15. Student loans and labor supply incentives (with Gustavo Manso, Alejandro Rivera and Hui Grace Wang), Invited for dual submission at the Journal of Financial Economics

We develop a dynamic model showing that student loans --  non-dischargeable in the U.S. bankruptcy -- can alleviate the well-documented debt overhang problem in household labor supply decisions. Non-dischargeability mutes the opportunities for households to strategically pull back from supplying labor at the expense of creditors, thus correcting such incentive distortions. This corrective effect of student loans, however, is partially undone by the option of Income Driven Repayment (IDR) plans, which sets student debt payment as a proportion of households' future income, regardless of borrowing amount and outstanding balance. IDR thus allows households to pseudo "discharge" student debt and re-introduces the debt overhang problem. We supplement our model with calibration and empirical analyses, and derive policy implications speaking to the recently proposed reforms in IDR plans and student debt forgiveness.

16. (Don’t) Feed the Mouth that Bites: Trade Credit Strategies among Rival Customers Sharing Suppliers (with Kayla Freeman, Jie (Jack) He, and Liyan Yang) 

Conferences: MFA 2023, CICF 2023, EFA 2023, NFA 2023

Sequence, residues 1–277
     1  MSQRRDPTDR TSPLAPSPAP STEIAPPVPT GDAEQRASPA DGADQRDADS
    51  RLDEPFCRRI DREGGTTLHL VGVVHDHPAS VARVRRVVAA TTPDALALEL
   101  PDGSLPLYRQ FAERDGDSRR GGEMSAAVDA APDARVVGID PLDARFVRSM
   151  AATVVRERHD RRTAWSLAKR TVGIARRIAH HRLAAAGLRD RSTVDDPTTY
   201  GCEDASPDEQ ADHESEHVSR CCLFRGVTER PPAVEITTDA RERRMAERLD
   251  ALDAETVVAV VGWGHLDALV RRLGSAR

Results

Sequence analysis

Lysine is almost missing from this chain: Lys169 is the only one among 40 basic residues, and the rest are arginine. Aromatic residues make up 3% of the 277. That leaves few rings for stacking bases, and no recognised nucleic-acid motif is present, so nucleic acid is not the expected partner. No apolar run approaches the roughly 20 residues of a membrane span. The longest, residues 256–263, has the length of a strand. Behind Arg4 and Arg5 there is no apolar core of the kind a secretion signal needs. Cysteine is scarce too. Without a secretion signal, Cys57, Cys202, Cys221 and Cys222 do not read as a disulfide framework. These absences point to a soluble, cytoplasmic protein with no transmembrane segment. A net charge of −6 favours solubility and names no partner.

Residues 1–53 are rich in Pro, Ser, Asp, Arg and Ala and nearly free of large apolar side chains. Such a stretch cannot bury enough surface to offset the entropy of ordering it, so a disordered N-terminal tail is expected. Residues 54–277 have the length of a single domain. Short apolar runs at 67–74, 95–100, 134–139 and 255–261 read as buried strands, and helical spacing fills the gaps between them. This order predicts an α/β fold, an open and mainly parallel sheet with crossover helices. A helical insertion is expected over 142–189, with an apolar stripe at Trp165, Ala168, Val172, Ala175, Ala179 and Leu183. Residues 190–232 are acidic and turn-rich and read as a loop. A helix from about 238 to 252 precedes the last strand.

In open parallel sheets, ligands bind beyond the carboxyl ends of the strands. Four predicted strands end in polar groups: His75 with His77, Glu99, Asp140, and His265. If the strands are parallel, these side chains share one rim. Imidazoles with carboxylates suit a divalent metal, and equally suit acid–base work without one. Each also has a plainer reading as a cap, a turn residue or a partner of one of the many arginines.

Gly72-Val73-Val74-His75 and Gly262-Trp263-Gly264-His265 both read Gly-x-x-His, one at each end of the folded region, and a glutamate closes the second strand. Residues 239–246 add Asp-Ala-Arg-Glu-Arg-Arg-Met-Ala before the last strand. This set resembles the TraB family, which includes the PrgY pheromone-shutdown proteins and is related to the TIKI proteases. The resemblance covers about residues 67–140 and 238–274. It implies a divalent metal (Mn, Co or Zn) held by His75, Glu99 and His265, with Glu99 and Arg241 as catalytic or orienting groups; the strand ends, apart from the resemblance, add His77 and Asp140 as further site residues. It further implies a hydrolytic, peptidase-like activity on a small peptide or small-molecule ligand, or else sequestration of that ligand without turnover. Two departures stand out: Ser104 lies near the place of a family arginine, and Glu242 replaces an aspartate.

Product market rivals often source upstream inputs from the same set of suppliers. Because these inputs are typically sold on credit, sharing a supplier could create incentives for customers to strategically demand trade credit terms in order to prevent the supplier from providing liquidity to rivals. In this paper, we empirically document this strategy and show that customers prolong payable days with suppliers that also sell to their rivals. For identification, we exploit the U.S. government’s QuickPay reform, which permanently shortened the government’s payable days to small business contractors, creating an exogenous liquidity influx. We find that after QuickPay, affected contractors extend more trade credit to their corporate customers. In response, rivals of these corporate customers begin to extract more trade credit from the shared suppliers, indicating their efforts to pull away these suppliers’ liquidity from the competitors already benefiting from QuickPay. Our paper reveals an underexplored incentive in supply-chain relationships, namely, the incentive to avoid “feeding the mouth that bites,” and how it shapes the allocation of trade credit.